If you’ve ever seen the Sex in the City movie, you will recall the moment Carrie walks into the New York Public Library and realizes she’d found the perfect venue for her wedding to Big. Museums have the same effect on me. Some people will see relics of the past and exhibits, and I will see unlimited event possibilities.

The Smithsonian system in Washington, D.C. holds hundreds of event spaces alone. Smaller galleries and museums all over the country supplement their incomes by renting out venue spaces to patrons. These spaces are great for every type of event from small concerts to meetings to weddings to receptions to book signings and more.

One reason why museums should be considered is décor. Your event planner and designer can create an event centered in the museum’s design and exhibits that will not require them to tax your budget on space-filling decorations.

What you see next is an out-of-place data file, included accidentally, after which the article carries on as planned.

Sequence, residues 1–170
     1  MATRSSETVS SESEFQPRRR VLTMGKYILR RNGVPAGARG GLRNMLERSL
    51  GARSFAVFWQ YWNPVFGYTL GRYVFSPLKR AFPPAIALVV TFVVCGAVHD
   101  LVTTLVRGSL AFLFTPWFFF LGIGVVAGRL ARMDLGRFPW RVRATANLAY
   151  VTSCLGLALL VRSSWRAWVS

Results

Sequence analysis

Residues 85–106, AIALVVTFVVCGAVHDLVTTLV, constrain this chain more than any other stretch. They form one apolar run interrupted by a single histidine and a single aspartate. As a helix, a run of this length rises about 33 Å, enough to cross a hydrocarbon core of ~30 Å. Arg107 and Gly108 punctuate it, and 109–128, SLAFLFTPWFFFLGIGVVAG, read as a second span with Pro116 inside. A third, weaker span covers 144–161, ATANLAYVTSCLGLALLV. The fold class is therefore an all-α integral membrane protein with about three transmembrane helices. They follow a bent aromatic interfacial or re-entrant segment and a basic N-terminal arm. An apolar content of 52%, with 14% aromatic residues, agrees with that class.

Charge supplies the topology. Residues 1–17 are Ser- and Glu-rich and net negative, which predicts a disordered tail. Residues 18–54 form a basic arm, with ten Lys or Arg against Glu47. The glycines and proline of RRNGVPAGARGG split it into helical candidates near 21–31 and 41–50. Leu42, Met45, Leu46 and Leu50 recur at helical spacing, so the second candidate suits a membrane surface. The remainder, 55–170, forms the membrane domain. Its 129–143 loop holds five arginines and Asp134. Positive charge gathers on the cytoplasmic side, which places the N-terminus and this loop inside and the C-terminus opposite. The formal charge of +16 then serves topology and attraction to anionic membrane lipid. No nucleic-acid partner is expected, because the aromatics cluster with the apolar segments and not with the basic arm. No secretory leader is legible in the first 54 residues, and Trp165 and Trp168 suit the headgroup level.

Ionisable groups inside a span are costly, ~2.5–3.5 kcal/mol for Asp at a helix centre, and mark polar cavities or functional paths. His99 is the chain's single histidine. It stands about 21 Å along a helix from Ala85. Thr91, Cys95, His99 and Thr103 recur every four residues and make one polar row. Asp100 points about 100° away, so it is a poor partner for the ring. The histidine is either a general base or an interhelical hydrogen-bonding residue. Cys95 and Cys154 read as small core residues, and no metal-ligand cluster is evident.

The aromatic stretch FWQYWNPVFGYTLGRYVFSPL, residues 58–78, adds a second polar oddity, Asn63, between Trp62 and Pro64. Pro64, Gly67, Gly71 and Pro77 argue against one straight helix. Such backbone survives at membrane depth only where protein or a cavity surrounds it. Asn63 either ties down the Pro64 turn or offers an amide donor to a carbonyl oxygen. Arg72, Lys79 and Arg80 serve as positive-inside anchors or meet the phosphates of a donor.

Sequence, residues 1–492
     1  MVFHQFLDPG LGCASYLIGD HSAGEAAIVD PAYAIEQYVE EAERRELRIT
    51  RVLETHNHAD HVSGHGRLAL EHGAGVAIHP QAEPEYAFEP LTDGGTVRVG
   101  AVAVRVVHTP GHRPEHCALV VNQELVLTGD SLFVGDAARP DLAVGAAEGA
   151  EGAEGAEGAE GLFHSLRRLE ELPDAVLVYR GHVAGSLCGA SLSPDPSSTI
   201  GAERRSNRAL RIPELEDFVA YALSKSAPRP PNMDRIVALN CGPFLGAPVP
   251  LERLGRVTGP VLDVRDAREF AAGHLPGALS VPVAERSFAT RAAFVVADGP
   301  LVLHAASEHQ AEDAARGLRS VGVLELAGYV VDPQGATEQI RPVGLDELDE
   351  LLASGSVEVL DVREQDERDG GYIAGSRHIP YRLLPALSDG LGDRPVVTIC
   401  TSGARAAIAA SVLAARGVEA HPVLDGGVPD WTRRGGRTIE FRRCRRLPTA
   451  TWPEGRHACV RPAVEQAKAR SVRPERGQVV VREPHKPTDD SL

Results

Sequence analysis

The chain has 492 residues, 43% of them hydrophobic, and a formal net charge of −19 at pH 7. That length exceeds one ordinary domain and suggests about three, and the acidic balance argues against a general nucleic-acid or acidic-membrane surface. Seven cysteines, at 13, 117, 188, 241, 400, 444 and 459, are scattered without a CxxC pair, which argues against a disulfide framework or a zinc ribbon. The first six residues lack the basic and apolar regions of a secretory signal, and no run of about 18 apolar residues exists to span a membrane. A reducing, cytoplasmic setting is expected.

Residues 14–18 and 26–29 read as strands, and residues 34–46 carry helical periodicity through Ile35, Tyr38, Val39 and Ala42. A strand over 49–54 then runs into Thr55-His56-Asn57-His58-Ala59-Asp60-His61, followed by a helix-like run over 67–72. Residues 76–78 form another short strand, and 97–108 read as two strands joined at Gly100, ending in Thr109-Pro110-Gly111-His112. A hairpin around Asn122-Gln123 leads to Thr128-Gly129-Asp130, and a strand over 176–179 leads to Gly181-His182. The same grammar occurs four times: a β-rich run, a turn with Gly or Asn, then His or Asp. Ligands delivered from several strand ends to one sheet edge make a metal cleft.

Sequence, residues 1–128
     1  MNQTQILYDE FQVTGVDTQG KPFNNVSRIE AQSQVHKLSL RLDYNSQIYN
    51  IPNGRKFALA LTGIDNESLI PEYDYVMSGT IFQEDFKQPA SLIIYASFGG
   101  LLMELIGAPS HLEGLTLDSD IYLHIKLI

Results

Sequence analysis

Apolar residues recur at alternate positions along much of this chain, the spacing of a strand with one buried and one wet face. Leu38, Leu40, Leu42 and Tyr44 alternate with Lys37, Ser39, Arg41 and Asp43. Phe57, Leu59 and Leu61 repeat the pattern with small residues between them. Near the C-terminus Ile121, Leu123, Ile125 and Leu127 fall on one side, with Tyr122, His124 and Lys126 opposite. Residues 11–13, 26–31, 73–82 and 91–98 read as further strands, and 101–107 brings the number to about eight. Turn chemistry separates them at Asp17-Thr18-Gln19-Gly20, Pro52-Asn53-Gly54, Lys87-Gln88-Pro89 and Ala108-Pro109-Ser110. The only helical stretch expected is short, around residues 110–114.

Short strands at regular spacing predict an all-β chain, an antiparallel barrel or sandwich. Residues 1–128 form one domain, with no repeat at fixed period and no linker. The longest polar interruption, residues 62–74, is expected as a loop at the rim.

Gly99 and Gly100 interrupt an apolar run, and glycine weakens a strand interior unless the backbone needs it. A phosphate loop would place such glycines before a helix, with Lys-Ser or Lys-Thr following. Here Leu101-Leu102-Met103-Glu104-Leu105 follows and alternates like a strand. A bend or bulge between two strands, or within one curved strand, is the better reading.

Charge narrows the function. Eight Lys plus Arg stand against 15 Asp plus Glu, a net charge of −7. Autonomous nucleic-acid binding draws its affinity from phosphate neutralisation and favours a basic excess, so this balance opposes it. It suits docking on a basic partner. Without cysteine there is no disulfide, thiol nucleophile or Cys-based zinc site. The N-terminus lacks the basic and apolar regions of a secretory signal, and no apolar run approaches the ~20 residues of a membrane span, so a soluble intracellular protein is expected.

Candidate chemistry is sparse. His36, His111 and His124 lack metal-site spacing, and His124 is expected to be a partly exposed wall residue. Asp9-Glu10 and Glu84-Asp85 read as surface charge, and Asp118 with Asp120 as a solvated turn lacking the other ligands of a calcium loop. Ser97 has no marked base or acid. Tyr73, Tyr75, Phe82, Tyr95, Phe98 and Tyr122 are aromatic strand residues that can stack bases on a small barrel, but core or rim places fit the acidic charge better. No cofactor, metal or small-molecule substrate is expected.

Another reason is security. Generally, museums require venue renters to pay for museum security during your event, especially if it is after hours. Your guests deserve that type of comfort.

Most museum venues come with perks: lighted parking in secure lots, the ability to bring in outside catering (always ask) and wine/spirits service, an environment that lends itself to flow and ease of guest engagement, table and chairs to rent (some will provide with contract, ask), and spaces that are prime for photographs. There are other perks but that will depend on the museum.

I have simplified the consideration of museums as venue spaces, but there are details too. Many details like rental insurance and time restrictions. If you have family and friends who are accustomed to showing up without sending the proper RSVP, then museum venues are possibly out of the question for you. Capacity restrictions are often tightly adhered to by museum officials and your municipality.

Here is one last consideration: your event planner. Are they experienced with using museums as venues? An inexperienced planner can cost you additional money and time.

[Photo credit: National Air and Space Museum – Smithsonian Institution]

Anthony